Background: Studies on voluntary medical male circumcision (VMMC) have provided convincing evidence on its efficacy to provide partial protection against female-to-male HIV transmission in circumcised men. The World Health Organization and UNAIDS subsequently formulated recommendations for VMMC implementation that included implementation of neonatal medical male circumcision (NMMC) to all infants up to two months old. Knowledge regarding the acceptability of NMMC by pregnant women who are candidates for granting of consents for NMMC procedures or its ideal placement within health programmes is low.
Objectives: We sought to establish NMMC acceptability by pregnant women and the feasibility of its integration within Maternal, Child and Women's Health (MCWH) programmes to inform implementation guidelines.
Method: Nurses and counsellors at two public health facilities were trained to provide NMMC counselling and offer NMMC to 1778 pregnant women presenting for antenatal care services. Univariate and bivariate analyses were performed on data collected on NMMC acceptance and refusals. Thematic analysis was also performed on qualitative reasons for refusals.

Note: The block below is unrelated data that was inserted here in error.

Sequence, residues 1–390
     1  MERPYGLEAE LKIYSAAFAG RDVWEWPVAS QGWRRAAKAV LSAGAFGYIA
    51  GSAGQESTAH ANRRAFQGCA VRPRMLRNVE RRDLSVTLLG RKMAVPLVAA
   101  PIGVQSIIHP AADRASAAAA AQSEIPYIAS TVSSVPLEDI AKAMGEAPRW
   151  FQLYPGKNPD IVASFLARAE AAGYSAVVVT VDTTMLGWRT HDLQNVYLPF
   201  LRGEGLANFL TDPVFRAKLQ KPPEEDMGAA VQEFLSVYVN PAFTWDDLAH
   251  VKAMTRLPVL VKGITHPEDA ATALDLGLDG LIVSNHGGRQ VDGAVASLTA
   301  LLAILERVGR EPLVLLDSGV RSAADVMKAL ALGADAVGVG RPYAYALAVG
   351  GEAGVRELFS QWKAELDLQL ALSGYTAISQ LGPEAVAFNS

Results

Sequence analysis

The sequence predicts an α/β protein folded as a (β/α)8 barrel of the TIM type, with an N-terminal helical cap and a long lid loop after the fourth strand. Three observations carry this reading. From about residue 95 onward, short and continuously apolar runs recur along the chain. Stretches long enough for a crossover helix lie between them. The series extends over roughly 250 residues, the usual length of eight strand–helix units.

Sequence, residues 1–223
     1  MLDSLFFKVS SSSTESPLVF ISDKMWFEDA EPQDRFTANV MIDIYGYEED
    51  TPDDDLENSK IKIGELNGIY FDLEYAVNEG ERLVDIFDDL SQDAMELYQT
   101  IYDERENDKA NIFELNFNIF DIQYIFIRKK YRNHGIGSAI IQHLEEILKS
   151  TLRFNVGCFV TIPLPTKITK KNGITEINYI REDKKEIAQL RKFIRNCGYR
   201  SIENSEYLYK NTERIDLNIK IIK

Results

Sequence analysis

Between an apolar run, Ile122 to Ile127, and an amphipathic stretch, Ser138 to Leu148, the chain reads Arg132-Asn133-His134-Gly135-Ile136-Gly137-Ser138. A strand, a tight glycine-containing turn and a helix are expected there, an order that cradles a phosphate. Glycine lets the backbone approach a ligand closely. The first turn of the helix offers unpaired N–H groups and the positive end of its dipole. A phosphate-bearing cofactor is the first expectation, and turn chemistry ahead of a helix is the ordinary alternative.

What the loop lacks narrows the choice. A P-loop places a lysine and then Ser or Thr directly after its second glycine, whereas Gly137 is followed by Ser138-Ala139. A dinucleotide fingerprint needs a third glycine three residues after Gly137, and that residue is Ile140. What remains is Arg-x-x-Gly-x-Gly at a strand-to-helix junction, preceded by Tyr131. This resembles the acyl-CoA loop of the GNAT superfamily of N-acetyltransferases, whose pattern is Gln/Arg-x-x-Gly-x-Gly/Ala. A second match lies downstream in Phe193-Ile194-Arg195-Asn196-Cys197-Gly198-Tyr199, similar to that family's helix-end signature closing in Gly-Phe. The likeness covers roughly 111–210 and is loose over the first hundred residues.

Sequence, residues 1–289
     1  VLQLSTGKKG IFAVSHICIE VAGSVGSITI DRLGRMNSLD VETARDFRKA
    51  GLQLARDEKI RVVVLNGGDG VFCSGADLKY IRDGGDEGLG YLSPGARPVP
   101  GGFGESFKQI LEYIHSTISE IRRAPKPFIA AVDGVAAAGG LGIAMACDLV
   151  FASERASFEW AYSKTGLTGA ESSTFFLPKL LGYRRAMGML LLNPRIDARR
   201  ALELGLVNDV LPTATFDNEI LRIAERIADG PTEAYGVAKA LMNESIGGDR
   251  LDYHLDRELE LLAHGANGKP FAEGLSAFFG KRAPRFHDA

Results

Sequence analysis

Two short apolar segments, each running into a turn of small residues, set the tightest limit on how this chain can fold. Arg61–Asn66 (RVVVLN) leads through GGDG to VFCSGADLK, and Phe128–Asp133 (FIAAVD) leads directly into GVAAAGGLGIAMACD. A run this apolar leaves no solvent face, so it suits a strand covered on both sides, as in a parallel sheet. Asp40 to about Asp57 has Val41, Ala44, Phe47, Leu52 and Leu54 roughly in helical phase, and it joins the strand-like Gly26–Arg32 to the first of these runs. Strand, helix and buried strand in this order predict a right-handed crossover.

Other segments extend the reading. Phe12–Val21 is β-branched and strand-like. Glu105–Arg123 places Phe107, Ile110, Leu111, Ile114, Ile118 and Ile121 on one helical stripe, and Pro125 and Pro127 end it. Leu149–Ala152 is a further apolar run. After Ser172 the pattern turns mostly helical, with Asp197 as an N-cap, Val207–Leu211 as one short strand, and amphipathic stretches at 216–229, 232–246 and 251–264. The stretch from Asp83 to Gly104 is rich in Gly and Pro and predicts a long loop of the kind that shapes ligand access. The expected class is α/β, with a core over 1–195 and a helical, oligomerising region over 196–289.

Results: Acceptability of NMMC by women was high (82.9%). Refusals resulted from the need for consultations with partners and/or family members prior to consenting (41.3%), fear of the procedure (23.8%), cultural reasons (15.9%) and no reasons given (15.3%).
Conclusion: The acceptability of NMMC by pregnant women and its integration with MCWH services was feasible. However socio-cultural factors, including the need for further consultation prior to consenting for NMMC procedures and preference of traditional circumcision by some women, need to be addressed in order to increase uptakes.